International Workshop on Algorithms in Bioinformatics

WABI 2004: Algorithms in Bioinformatics pp 38-49

A Polynomial-Time Algorithm for the Matching of Crossing Contact-Map Patterns

  • Jens Gramm
Conference paper

DOI: 10.1007/978-3-540-30219-3_4

Volume 3240 of the book series Lecture Notes in Computer Science (LNCS)
Cite this paper as:
Gramm J. (2004) A Polynomial-Time Algorithm for the Matching of Crossing Contact-Map Patterns. In: Jonassen I., Kim J. (eds) Algorithms in Bioinformatics. WABI 2004. Lecture Notes in Computer Science, vol 3240. Springer, Berlin, Heidelberg

Abstract

Contact maps are a model to capture the core information in the structure of biological molecules, e.g., proteins. A contact map consists of an ordered set S of elements (representing a protein’s sequence of amino acids), and a set A of element pairs of S, called arcs (representing amino acids which are closely neighbored in the structure). Given two contact maps (S,A) and (Sp,Ap) with |A|≥ |Ap|, the Contact Map Pattern Matching (CMPM) problem asks whether the “pattern” (Sp,Ap) “occurs” in (S,A), i.e., informally stated, whether there is a subset of |Ap| arcs in A whose arc structure coincides with Ap. CMPM captures the biological question of finding structural motifs in protein structures. In general, CMPM is NP-hard. In this paper, we show that CMPM is solvable in O(|A|6|Ap|2) time when the pattern is \(\{<,\between\}\)-structured, i.e., when each two arcs in the pattern are disjoint or crossing. Our algorithm extends to other closely related models. In particular, it answers an open question raised by Vialette that, rephrased in terms of contact maps, asked whether CMPM for \(\{<,\between\}\)-structured patterns is NP-hard or solvable in polynomial time. Our result stands in sharp contrast to the NP-hardness of closely related problems. We provide experimental results which show that contact maps derived from real protein structures can be processed efficiently.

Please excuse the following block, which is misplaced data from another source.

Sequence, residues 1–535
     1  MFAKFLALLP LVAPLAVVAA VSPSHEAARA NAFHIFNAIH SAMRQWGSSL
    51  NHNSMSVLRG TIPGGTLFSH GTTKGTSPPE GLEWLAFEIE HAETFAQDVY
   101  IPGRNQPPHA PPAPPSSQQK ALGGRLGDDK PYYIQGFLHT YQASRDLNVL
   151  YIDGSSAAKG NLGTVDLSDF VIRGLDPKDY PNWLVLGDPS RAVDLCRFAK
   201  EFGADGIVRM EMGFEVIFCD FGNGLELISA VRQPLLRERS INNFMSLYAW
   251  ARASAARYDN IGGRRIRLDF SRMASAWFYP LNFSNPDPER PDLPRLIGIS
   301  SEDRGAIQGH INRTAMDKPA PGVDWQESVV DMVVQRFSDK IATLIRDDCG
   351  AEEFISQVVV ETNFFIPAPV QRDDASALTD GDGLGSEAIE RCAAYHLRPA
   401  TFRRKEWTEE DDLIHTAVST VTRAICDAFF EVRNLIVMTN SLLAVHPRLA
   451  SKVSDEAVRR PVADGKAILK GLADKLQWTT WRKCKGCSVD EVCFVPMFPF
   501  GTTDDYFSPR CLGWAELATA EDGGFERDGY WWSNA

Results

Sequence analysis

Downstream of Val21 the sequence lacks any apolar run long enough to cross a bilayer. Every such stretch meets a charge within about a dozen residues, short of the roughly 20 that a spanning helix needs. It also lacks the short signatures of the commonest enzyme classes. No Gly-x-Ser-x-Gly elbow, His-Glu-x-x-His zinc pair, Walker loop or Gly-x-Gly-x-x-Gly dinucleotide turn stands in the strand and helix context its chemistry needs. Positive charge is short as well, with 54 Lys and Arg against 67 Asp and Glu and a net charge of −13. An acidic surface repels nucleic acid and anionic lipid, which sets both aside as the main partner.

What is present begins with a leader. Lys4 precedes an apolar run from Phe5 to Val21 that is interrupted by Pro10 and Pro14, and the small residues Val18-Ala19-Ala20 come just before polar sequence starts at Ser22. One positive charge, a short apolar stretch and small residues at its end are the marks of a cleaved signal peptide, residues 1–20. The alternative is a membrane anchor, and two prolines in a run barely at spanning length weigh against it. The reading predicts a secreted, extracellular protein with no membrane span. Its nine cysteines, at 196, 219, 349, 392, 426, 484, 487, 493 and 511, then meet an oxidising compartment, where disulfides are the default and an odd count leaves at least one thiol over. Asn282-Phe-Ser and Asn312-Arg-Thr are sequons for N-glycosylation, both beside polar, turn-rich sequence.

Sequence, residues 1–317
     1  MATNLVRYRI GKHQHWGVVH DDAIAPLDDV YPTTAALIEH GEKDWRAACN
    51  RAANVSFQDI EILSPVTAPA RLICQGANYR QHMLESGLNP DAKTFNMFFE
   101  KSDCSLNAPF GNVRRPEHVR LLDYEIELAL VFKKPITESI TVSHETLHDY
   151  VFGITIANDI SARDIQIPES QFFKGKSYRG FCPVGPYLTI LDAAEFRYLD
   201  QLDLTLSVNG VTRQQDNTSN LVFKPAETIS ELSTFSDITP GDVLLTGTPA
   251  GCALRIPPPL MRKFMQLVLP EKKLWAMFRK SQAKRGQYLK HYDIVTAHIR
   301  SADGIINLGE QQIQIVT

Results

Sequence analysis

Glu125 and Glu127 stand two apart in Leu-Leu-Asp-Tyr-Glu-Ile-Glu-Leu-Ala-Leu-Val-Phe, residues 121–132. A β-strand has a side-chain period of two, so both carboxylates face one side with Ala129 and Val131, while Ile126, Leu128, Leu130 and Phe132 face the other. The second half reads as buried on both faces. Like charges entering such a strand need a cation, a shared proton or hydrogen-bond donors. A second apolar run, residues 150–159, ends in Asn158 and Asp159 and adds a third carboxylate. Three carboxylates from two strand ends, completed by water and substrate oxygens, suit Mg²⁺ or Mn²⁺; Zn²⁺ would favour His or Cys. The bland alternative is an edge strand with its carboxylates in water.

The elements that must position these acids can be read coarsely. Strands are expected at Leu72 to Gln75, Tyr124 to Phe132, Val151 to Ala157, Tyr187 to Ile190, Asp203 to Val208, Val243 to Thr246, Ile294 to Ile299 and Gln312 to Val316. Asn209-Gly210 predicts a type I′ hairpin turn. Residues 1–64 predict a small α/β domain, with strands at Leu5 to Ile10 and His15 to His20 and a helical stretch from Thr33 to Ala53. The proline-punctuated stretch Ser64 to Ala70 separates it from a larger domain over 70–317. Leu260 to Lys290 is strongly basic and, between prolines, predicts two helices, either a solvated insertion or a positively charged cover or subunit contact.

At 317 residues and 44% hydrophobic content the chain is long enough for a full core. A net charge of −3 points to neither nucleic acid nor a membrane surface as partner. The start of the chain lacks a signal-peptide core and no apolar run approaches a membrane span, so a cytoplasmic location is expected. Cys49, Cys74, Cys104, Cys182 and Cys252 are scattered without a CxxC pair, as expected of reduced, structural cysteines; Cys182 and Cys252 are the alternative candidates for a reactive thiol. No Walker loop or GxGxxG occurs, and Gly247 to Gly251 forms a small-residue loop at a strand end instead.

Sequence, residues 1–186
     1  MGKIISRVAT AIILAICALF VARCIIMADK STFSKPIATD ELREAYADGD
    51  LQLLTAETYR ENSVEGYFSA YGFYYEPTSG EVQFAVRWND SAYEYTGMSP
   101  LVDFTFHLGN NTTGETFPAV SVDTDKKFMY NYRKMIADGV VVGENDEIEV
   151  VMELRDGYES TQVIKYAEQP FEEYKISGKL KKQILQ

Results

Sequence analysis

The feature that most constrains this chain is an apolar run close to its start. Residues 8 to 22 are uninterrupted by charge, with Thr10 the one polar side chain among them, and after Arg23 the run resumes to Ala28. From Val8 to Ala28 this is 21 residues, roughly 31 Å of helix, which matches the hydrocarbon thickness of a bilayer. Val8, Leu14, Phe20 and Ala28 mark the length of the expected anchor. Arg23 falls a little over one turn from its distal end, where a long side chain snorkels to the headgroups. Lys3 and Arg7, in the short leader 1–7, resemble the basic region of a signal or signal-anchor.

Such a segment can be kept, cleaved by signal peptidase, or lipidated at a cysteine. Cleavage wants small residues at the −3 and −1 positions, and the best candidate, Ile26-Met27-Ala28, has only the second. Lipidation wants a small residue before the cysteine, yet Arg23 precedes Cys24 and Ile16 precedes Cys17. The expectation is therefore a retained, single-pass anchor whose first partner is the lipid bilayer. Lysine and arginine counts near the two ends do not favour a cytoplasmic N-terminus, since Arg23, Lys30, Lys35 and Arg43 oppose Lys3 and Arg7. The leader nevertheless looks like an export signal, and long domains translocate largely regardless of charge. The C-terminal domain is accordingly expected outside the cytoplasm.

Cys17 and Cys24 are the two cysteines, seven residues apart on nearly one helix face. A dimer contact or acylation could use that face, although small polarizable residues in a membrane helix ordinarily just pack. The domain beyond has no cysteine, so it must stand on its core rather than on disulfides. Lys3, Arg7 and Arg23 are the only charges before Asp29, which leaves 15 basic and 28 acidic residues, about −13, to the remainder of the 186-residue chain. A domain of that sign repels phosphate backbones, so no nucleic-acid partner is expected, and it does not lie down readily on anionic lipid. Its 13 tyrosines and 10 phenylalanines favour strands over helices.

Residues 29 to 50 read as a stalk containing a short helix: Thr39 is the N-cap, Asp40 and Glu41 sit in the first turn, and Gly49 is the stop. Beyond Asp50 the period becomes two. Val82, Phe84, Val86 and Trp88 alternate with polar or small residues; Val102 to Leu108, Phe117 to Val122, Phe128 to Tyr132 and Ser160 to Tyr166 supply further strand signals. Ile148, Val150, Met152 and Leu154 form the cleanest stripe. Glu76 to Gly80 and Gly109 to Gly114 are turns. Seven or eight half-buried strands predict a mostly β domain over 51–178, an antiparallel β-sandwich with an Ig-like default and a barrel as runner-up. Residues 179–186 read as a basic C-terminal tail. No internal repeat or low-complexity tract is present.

Preview

Unable to display preview. Download preview PDF.

Unable to display preview. Download preview PDF.

Copyright information

© Springer-Verlag Berlin Heidelberg 2004

Authors and Affiliations

  • Jens Gramm
    • 1
  1. 1.International Computer Science InstituteBerkeleyUSA